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The Truth About Venture Capital

Myth: Getting venture capital is impossible. Reality: It's not easy, but it can be done. We show you how.

Some entrepreneurs beat the bushes in search of venture capital. Some pound the pavement. Others look high and low. Still others search with a fine-toothed comb or cover all the bases. Then there's Mark Fletcher, who did none of the above. (He avoids idioms.) Fletcher--chairman and vice president of technology for eGroups Inc., a free e-mail community service that allows Internet users to connect around common interests--sat back and let venture capitalists come to him. Well, maybe he didn't just sit back.

"We started working on eGroups [formerly ONElist] in August '97 and went online in January '98," recalls Fletcher. After nine months running the new business evenings and weekends while working full time, "we got calls from [venture capital firms] CMGI and Bertelsmann Ventures saying they had gotten together and were interested in investing in us. The Tuesday before Thanksgiving [1998], they called to set up a meeting the following day. We got the terms of the offer the day after Thanksgiving, and on Monday we signed a term sheet." In less than a week, the 29-year-old entrepreneur had arranged for a $4 million investment in his start-up.

Does Fletcher advise other entrepreneurs to wait for VCs to approach them? "No," he says emphatically. "My philosophy creating the company was: Let's get the service up and prove ourselves first. By Thanksgiving [1998] we were approaching a million users, so we could go in and say, `Here's what we have; here's how it works; it's a proven commodity.'"

Fletcher's experience would seem to perpetuate the myth that there is an abundance of venture capitalists in search of needy entrepreneurs. Fact is, there's more funding than ever, but there's no shortage of would-be takers. Tens of thousands of companies are unable to arrange any financing. Based on a PricewaterhouseCoopers Money Tree national survey, of the estimated $20 billion in VC funds invested in 1999, more than 90 percent went to tech ventures (including biotech, communications, computers, software and Net-based companies).

Does that confirm the myth that only high-tech companies qualify for venture capital? No, says John Martinson, chair of the National Venture Capital Association, the industry trade group. "There's certainly a segment [of the VC industry] that invests in consumer and low-tech companies--maybe not restaurants, but restaurant chains, for example," says Martinson, who also is managing partner of Edison Venture Fund in Lawrenceville, New Jersey. His member firms look to build sizeable companies that can command a premium value, either in an IPO or upon sale to a larger company--"companies that can be $100 million in annual revenues in three to five years," he explains. In today's market, that usually means technology companies.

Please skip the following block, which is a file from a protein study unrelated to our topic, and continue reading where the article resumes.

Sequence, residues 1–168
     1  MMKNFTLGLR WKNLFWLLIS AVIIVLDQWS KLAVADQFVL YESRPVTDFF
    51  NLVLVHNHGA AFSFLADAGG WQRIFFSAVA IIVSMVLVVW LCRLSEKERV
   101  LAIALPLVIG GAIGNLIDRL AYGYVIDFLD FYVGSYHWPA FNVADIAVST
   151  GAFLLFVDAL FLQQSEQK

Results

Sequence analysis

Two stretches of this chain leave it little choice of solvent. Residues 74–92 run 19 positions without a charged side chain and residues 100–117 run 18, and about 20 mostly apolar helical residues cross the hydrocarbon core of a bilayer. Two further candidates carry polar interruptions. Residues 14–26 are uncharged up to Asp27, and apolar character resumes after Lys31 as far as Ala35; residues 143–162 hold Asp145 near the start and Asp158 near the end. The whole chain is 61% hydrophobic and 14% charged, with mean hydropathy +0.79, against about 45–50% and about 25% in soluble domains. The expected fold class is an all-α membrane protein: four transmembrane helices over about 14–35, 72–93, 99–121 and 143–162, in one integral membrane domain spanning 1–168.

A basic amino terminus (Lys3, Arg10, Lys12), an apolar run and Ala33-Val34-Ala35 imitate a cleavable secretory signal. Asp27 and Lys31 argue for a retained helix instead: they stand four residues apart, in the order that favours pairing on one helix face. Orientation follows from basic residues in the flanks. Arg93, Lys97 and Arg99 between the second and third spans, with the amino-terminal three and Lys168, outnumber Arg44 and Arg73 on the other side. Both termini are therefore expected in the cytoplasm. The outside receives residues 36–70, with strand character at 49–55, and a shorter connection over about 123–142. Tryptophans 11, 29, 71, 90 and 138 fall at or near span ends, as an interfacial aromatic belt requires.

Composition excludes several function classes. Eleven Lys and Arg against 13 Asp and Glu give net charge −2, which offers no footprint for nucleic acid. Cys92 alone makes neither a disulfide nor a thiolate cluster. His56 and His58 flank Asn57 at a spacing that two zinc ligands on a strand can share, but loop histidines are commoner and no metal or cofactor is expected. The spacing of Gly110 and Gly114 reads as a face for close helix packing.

But Dee Powers thinks there's more money available now for nontech firms. "Most VCs are mesmerized by the dot.coms," observes the cofounder of Profit Dynamics Inc., a research and consulting firm in Phoenix. "[But] since last summer, they've begun returning to quality and value investments, looking at management and markets. Entrepreneurs still have to look harder for nontech capital, but it's there."

To find it, Powers recommends checking the library for Pratt's Guide to Venture Capital. Or try VC directories, then call firms directly and ask for their requirements. While your best path to capital is a referral from your accountant or attorney, another option is searching the Internet. A Lycos Web search found 30 VCs seeking queries from nontech businesses.

Another prevalent myth: Venture capital is available only if your company needs millions of dollars. High-tech start-up veteran Neal O'Farrell agrees: "[As a high-tech entrepreneur,] unless you're looking for $4 million or more, forget venture capital. Of course, that's a generalization." In reality, the generalization is contradicted by the experiences of countless entrepreneurs and diminished by the formation of more and more small venture capital firms and Internet portals targeting start-ups needing smaller amounts.

As managing editor of Bottom Up (www.bottom-up.com) in Cincinnati, O'Farrell helps match start-ups with investors. His e-zine connects compatible parties while providing entrepreneurs with news, information, a panel of high-tech consultants and more. O'Farrell, author of Stepping Into Magic: A Handbook for the High Tech Start-up (Pylon Books, $24.95, 513-677-6749), has seen "tens of thousands of great ideas that won't make it because they aren't big enough. They might do $50 million [in sales], but that's not enough for VCs." His goal at Bottom Up is to help fill the funding gap for start-ups that don't yet appeal to the VC community.

Apple Computer's former chief evangelist, Guy Kawasaki, is eyeing a comparable niche: the gap above friends and family and below Sand Hill Road. Kawasaki's third and latest start-up, Garage.com, in Palo Alto, California, is intended "to help guys and gals in a garage find seed capital ranging from $4 million to $1 million," he says.

The Web site (www.garage.com) has a two-stage submission process. The first stage asks for a three page "executive summary" (who you are and what you want). The second stage is a detailed 10-page amplification. The best prospects are directed to a group of VCs and angel investors to exchange one-to-one e-mails. In the first nine months of 1999, Garage.com helped 20 start-ups raise more than $60 million.


Contributing writer Paul DeCeglie writes our monthly "Money" column.

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This article was originally published in the February 2000 print edition of Entrepreneur with the headline: The Truth About Venture Capital.

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